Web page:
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Evaporation

Evaporation is one of the two forms of vaporization.

It is the process whereby atoms or molecules in a liquid state (or solid state if the substance sublimes) gain sufficient energy to enter the gaseous state.

It is the opposite process of condensation.

The thermal motion of a molecule of liquid must be sufficient to overcome the surface tension and evaporate, that is, its kinetic energy must exceed the work function of cohesion at the surface.

Evaporation therefore, proceeds more quickly at higher temperature, at higher flow rates between the gaseous and liquid phase and in liquids with lower surface tension (i.e. higher vapor pressure).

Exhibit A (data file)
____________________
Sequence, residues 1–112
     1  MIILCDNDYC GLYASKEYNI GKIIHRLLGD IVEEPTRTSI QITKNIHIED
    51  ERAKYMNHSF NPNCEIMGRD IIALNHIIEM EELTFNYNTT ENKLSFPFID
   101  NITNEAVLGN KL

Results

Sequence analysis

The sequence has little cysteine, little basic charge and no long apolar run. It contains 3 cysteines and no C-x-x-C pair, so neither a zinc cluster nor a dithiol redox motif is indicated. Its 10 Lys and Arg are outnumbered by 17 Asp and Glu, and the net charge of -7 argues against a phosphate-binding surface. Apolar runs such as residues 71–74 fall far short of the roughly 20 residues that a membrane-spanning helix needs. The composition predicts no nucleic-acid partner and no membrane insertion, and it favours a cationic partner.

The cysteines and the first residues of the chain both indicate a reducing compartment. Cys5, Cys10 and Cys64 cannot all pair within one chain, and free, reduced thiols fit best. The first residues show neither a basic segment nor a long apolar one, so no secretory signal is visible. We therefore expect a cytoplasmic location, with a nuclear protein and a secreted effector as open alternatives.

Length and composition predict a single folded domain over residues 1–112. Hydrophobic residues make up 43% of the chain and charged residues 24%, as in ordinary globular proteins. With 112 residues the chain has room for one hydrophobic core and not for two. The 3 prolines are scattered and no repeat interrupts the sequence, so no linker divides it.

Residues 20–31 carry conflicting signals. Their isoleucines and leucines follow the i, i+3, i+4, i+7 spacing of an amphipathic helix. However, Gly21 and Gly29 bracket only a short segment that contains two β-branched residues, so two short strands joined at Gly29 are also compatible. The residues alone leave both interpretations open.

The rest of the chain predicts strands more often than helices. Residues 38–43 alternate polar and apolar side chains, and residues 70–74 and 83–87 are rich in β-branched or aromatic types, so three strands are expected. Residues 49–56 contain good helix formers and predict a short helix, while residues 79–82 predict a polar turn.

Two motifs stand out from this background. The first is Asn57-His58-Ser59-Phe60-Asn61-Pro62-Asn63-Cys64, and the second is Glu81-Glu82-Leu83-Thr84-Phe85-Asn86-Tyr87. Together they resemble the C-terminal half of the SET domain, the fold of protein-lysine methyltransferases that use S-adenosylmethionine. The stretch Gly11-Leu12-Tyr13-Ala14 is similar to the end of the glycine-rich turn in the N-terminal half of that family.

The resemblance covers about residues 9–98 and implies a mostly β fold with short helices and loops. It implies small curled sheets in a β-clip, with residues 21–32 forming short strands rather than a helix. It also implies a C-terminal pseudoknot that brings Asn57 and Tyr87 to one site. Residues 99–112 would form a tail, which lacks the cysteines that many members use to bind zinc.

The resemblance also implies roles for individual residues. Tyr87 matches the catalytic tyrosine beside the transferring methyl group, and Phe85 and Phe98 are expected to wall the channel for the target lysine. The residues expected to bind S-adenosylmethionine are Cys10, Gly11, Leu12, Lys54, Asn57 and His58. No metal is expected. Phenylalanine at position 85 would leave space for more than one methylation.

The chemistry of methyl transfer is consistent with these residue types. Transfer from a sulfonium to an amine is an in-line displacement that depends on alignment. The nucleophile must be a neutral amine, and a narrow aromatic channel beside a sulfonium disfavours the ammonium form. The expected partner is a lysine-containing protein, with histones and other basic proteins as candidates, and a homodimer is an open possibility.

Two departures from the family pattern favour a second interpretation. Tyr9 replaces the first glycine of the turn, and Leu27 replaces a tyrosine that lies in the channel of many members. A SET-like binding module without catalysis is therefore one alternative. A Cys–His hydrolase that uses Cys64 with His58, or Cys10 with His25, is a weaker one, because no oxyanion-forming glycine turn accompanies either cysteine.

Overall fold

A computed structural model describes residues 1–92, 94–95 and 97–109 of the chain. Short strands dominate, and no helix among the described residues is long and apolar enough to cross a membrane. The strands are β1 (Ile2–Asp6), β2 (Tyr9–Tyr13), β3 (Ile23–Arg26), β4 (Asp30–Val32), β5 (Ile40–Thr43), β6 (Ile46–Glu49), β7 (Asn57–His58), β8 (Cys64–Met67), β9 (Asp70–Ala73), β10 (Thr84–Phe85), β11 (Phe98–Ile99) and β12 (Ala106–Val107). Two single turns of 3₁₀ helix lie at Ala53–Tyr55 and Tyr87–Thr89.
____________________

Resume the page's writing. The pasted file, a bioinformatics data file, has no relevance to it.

Since only a small proportion of the molecules are located near the surface and are moving in the proper direction to escape at any given instant, the rate of evaporation is limited.

Also, as the faster-moving molecules escape, the remaining molecules have lower average kinetic energy, and the temperature of the liquid thus decreases.

This phenomenon is also called evaporative cooling.

This is the reason that evaporating sweat cools the human body.

Note:   The above text is excerpted from the Wikipedia article "Evaporation", which has been released under the GNU Free Documentation License.
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September 5, 2015

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